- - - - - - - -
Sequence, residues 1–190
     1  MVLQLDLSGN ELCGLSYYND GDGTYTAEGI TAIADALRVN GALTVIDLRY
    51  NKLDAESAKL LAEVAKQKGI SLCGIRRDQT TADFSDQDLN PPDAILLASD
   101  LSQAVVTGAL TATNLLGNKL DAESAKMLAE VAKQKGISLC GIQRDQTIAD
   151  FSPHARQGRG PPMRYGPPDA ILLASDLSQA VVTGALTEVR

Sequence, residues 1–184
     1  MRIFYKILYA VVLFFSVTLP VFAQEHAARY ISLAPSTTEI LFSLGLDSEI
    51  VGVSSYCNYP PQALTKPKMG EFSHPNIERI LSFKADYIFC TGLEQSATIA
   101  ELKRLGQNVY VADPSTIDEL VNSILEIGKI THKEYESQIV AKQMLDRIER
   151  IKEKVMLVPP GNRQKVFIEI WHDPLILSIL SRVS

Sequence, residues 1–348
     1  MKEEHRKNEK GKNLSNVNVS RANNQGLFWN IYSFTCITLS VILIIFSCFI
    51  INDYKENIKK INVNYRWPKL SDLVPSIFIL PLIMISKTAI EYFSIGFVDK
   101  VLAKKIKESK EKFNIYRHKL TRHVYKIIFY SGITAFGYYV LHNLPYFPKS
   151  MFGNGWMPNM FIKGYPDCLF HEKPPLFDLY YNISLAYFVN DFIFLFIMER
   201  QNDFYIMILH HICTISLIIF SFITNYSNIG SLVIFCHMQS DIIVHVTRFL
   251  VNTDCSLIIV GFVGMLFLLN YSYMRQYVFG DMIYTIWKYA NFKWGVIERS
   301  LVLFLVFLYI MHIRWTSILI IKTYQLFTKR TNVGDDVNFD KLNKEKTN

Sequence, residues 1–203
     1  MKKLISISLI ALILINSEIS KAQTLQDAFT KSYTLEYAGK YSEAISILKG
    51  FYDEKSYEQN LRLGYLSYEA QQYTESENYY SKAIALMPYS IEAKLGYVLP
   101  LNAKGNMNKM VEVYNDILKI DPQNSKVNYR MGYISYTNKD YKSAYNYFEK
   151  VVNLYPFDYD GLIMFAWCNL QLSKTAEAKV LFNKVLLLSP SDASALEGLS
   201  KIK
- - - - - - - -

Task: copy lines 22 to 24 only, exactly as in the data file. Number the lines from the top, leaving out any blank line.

   101  LNAKGNMNKM VEVYNDILKI DPQNSKVNYR MGYISYTNKD YKSAYNYFEK
   151  VVNLYPFDYD GLIMFAWCNL QLSKTAEAKV LFNKVLLLSP SDASALEGLS
   201  KIK